BMW takes VIP cue from Masters USSA sees big potential for big air Smithfield commits to NBC, NASCAR U.S. Olympic Museum in fundraising mode The Lefton Report: Selling air How Bama, CLC rolled to $100M extension New territory for marketing Olympians A-B to sports: Adapt to a new world USOC looking for answers from Boston Quicken Loans boosts military program
SBJ/August 13 - 19, 2001/Marketingsponsorship
Sega throws $20M behind liftoff for sports
Published August 13, 2001
Sega of America will spend $20 million behind the launch of its new Sega Sports video games this fall as the company moves away from being a hardware manufacturer and begins selling software only next year. Its NFL 2K2 game, which hits stores next month, will be the first Sega game ever offered for multiple platforms, including Sony's PlayStation2 and Microsoft's much anticipated Xbox, as well as the Sega Dreamcast. The NBA 2K2 will follow in October, with PlayStation2 and Dreamcast varieties. Both will be supported by dedicated television ads from Leagas Delaney-San Francisco. A general Sega Sports brand ad kicks off the campaign during the Sept. 17 "Monday Night Football" game between the Vikings and Ravens.
"What's different this year is Sega Sports is really going to become its own entity and step a little bit away from Sega," said Stacey Kerr, the product manager for Sega Sports.
She said the creative has not been set and the company hasn't decided whether athletes will appear in the campaign. Randy Moss is the primary spokesman for the NFL game, appearing on the game box and in point-of-sale materials at the very least. Allen Iverson fronts the NBA game.
The Sega Sports 2K2 series kicks off this month with Major League Baseball and NCAA titles. Pedro Martinez and Drew Brees appear on their respective covers. With the Rose Bowl staging the national championship game for the first time under the Bowl Championship Series setup, Sega has obtained a special license and will theme the game around a "Road to the Rose Bowl" competition.
It has not yet been determined whether Sega's college game will rotate along with the Bowl Championship Series in future years, highlighting the Sugar Bowl, Orange Bowl and Fiesta Bowl when appropriate. That's a little far ahead for Sega to be thinking, after not even having an NCAA title last year and staying out of sports games for several years before that.
Sega got back into sports gaming with the launch of the Dreamcast platform in 1999. Dreamcast has shipped 8 million units worldwide, the company says, but was never the hit some had predicted. It will be discontinued at the end of this year, marking Sega's exit from the hardware business.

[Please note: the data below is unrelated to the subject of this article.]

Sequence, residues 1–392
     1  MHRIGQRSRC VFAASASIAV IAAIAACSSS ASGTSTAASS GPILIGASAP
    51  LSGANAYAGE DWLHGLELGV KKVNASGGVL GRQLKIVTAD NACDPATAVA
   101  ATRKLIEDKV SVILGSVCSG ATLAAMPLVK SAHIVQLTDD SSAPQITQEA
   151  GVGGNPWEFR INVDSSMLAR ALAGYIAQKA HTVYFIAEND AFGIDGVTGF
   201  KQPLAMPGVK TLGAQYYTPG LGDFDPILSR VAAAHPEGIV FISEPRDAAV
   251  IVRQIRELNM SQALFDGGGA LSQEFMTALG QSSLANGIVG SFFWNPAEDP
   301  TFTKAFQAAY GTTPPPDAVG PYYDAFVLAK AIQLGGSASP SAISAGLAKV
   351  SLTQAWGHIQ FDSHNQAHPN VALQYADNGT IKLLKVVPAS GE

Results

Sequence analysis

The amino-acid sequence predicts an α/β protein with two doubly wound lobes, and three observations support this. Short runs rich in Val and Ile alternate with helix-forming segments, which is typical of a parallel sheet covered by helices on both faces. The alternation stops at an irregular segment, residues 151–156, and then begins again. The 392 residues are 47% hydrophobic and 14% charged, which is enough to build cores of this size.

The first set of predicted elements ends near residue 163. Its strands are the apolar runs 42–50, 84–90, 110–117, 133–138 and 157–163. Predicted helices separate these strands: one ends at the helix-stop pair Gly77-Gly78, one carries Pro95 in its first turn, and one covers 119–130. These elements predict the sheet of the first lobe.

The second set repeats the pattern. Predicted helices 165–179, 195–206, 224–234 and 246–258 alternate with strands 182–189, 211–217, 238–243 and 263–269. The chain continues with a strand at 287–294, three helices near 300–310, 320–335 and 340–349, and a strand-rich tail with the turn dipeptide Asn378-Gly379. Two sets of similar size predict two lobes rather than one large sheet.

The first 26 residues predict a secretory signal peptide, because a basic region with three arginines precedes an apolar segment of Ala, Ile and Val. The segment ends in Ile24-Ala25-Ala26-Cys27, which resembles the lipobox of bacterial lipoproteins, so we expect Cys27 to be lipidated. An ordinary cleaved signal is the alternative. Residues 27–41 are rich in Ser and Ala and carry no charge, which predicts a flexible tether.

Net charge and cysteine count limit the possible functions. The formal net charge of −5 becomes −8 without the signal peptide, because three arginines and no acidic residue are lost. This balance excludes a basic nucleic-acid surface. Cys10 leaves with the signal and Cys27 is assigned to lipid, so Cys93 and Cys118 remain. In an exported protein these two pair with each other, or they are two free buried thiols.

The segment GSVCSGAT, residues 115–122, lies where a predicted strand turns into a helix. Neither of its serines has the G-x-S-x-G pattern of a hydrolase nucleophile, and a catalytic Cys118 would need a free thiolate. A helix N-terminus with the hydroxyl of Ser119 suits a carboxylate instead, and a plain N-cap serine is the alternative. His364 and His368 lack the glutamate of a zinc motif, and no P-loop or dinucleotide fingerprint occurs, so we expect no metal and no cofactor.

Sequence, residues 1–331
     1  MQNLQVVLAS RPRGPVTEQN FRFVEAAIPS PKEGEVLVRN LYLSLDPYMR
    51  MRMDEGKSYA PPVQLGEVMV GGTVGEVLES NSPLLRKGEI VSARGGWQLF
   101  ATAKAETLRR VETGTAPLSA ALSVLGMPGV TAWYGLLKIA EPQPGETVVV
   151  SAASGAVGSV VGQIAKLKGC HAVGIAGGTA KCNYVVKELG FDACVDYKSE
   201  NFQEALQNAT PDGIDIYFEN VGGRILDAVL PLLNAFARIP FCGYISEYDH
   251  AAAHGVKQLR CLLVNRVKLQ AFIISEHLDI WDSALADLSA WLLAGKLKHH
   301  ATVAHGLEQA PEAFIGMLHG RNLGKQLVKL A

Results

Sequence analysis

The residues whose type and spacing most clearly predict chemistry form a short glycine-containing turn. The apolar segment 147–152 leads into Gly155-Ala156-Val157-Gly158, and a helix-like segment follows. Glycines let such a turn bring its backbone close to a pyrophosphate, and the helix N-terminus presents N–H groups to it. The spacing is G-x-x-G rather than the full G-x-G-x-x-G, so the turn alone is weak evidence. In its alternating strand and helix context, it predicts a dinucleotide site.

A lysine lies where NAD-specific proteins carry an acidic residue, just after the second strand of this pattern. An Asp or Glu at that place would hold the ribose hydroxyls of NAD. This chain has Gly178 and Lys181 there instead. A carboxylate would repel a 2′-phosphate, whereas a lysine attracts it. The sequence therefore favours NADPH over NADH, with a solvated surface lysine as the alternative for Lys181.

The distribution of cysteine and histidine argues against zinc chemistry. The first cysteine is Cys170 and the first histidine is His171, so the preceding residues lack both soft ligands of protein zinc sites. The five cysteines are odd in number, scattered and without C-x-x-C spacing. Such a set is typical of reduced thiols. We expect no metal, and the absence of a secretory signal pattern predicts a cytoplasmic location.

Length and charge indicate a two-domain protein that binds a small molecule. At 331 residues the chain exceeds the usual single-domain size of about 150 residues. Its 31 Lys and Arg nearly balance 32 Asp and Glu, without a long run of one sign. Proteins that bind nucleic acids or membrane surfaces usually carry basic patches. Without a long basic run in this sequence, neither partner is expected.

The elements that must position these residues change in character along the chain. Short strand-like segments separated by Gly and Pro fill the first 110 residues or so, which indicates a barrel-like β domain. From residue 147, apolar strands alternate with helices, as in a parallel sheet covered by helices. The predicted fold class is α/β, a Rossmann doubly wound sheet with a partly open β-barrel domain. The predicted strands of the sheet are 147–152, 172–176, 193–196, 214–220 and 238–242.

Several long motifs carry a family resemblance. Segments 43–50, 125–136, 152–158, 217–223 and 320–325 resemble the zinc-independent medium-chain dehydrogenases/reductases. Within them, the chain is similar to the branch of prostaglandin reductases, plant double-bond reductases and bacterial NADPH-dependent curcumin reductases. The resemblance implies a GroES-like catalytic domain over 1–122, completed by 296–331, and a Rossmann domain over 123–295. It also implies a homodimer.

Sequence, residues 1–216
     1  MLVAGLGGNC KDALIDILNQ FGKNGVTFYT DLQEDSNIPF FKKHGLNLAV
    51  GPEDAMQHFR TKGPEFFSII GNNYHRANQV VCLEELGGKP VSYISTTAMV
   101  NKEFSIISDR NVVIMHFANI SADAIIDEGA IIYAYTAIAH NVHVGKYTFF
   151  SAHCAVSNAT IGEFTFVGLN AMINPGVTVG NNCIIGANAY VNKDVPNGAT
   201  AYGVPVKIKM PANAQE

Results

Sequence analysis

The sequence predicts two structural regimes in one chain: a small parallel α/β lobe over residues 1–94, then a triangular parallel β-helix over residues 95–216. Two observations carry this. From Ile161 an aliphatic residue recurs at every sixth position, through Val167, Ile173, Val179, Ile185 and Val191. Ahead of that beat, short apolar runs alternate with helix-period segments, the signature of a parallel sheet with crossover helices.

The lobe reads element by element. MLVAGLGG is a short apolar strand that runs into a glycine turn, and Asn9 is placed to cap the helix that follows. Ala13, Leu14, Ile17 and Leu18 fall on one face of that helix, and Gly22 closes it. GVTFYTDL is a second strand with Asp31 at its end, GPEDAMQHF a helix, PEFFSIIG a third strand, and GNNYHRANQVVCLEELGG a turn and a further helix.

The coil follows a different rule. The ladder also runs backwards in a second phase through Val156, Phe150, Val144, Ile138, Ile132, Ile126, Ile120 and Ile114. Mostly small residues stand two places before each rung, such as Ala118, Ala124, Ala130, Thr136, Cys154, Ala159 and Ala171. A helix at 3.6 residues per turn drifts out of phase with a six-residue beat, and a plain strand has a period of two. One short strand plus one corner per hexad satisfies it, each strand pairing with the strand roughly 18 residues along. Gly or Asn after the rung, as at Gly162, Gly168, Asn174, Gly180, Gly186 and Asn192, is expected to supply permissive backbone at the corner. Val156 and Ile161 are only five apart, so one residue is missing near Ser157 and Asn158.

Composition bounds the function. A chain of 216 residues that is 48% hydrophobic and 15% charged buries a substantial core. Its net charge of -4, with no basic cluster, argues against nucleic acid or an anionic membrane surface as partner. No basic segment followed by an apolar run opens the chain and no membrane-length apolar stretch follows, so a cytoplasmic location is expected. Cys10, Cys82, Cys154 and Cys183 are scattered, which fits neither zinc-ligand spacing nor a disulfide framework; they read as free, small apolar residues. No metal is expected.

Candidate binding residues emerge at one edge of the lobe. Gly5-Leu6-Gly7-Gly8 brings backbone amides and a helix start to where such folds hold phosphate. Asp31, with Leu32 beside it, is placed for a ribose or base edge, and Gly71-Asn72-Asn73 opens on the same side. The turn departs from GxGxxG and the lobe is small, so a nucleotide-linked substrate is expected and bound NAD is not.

Other Sega Sports titles will include tennis and NHL.
SOMETHING TO BUILD ON: The monthly kids' workshops that go on at all 1,200-plus Home Depot stores have been renamed the "Olympic Kids Workshop." Now, instead of building bird cages and picnic benches at these events, participants are putting together miniature bobsleds, pin holders and an Olympic ring toss game. More than 100 stores have already bought special kits to run the Olympic workshop, and a Home Depot representative said orders have been flying in for the last two weeks. Stores must buy materials for the workshops out of their own budgets, but Home Depot supported the launch by picking up the tabs for 15 key locations, as well as decorating the stores with Olympic banners and other paraphernalia. The program extends to Canada and Puerto Rico and will run through March of next year.
COWBOYS CAR TALK: Jerry Jones may run into problems with the NFL if he moves ahead with tentative plans for the Dallas Cowboys to own a NASCAR race team. It's not a multiple team ownership issue, as the NFL constitution — which bans team owners from having a stake in clubs from other leagues outside of their home NFL market — does speak to motorsports. If Jones tried to sell sponsorships on a Dallas Cowboys race car, however, things could get sticky. The trademarks of the Dallas Cowboys are controlled by the league, and the NFL would probably claim the rights to approve or quash sponsorships of a car or race team that bears the Cowboys name in any way. The league would probably try to block brands such as American Express and Pepsi, which compete with NFL sponsors but back Texas Stadium and deal extensively with Jones, from having any national association with the Cowboys name. And if Jones were not able to leverage the name of the team with his NASCAR venture, he would be no different than any other wealthy businessman getting into motorsports. NFL spokesman Brian McCarthy said the sponsorship issue is something the league "would have to look into" if Jones or the Cowboys move ahead with the plan.
Andy Bernstein can be reached at firstname.lastname@example.org.